Our new name welcomes agents and managers, producers, artists, arts administrators, and all professionals who are part of the presenting and touring field.
Mario Garcia Durham, president and CEO of the Association of Performing Arts Professionals, answers questions from APAP member Laura Colby.
The Association of Performing Arts Presenters recently changed its name to the Association of Performing Arts Professionals. Why?
APAP’s name change is a reflection of those who present the arts to audiences. A large segment of APAP membership still consists of performing arts presenters—those who bring performances to venues—but our new name welcomes agents and managers, producers, artists, arts administrators, and all professionals who are part of the presenting and touring field. Our new name empowers discussions among the staff, executive board, and membership. It also cracks open our traditional ways of thinking and allows us to work in more inclusive ways.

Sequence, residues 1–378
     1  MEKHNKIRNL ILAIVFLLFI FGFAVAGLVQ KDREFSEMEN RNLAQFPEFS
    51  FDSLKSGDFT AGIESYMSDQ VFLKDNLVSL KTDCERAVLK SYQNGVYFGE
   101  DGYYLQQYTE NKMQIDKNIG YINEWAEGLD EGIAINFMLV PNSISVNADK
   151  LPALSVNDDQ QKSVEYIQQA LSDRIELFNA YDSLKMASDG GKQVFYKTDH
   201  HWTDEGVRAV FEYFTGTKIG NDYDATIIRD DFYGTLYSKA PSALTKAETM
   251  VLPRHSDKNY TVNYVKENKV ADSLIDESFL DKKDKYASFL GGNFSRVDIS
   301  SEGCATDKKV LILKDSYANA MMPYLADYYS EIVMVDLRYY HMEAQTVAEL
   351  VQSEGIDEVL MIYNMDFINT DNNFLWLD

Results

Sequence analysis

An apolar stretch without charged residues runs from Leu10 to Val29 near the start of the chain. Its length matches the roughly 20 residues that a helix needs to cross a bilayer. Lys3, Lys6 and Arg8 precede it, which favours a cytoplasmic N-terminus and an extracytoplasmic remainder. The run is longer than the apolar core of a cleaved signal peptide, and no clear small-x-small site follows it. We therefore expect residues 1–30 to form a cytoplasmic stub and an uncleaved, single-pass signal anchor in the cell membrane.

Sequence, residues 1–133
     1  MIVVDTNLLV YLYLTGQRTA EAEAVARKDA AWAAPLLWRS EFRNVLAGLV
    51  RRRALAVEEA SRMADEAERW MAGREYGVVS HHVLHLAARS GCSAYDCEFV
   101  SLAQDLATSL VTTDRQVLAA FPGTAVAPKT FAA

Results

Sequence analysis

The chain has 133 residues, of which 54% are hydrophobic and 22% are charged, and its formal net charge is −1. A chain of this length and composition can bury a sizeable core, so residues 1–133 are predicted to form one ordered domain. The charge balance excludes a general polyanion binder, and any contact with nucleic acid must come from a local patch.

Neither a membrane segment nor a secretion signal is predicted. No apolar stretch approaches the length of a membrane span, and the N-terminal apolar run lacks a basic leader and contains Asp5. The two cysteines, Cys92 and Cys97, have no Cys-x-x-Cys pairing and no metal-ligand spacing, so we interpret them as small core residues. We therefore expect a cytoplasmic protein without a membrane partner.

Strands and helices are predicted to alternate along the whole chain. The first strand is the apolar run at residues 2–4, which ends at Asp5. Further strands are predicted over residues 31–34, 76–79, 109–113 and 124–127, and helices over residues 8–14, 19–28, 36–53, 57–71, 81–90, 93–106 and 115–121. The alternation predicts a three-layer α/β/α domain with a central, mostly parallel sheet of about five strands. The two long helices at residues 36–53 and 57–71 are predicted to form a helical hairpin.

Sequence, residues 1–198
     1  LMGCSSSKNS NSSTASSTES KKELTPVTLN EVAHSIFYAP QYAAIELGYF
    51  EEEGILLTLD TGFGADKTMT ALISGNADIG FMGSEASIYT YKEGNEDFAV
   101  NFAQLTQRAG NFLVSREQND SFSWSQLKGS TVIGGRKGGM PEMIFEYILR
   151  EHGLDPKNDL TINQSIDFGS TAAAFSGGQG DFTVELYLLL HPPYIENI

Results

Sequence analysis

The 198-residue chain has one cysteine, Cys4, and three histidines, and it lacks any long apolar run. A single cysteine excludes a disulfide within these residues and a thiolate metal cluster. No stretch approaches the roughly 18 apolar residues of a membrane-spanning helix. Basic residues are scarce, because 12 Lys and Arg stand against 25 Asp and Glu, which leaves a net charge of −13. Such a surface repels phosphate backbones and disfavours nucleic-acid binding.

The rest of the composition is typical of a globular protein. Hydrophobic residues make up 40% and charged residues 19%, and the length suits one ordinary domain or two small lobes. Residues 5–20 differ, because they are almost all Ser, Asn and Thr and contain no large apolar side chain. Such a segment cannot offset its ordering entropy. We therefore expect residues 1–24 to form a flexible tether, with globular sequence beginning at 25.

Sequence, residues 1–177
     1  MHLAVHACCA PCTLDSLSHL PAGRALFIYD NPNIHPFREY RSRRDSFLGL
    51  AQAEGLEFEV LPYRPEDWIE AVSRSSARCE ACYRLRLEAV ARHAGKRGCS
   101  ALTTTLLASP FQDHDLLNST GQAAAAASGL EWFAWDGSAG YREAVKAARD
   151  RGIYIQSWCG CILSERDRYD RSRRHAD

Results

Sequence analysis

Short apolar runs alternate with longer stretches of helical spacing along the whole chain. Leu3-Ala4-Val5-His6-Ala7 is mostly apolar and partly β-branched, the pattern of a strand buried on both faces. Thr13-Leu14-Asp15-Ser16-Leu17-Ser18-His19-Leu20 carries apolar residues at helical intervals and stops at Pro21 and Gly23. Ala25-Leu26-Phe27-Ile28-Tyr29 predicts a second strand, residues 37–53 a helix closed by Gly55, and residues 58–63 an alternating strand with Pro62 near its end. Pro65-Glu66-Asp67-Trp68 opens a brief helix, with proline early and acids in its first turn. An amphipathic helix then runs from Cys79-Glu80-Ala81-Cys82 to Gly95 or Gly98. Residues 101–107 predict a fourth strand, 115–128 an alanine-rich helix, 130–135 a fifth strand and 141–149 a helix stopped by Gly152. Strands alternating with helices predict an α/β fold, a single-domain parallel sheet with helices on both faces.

What programs does APAP have in place to broaden its membership?
The future of our industry lies with the next generation of leaders and those creating change today. That’s why our programs focus on leadership. For example, our Emerging Leadership Institute is nourishing a new generation of young field leaders who do not feel bound to the same business models as many of our current, established leaders. In addition to ELI, we created a Leadership Fellows Program for midcareer professionals who already are organizational leaders, have direct experience operating in our current business models, and are eager to see them evolve.
What major changes are challenging our profession today?
In our industry, there are fears and concerns about the impact of technology. The fear is that there may not be the same desire to see or hear a live performance. But with each succeeding generation, there is a growing desire to have shared experiences with humans. The more technology grows, the more our need to be with others grows too. We share the spark of our common humanity.